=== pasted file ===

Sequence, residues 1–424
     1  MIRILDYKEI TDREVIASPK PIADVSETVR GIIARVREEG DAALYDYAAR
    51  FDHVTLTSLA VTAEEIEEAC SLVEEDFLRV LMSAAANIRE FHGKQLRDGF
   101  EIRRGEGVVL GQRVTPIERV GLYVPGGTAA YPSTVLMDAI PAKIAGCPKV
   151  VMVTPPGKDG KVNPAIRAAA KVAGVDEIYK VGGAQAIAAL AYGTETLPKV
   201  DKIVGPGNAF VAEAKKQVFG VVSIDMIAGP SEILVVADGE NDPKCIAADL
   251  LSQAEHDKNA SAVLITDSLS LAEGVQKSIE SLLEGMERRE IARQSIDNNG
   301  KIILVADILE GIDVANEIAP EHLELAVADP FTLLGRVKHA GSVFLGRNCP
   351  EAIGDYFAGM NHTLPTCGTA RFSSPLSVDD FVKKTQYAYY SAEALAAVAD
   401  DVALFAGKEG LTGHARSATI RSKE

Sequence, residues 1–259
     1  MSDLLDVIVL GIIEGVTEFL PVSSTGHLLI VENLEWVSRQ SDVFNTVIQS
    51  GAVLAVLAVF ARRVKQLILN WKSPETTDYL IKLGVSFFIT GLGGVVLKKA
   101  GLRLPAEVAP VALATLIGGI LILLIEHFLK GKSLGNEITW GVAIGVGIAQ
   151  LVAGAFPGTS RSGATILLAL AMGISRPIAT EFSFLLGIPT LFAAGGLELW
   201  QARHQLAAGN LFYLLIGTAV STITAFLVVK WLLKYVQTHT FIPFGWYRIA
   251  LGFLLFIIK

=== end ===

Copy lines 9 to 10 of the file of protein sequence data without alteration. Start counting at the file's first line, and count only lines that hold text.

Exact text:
   351  EAIGDYFAGM NHTLPTCGTA RFSSPLSVDD FVKKTQYAYY SAEALAAVAD
   401  DVALFAGKEG LTGHARSATI RSKE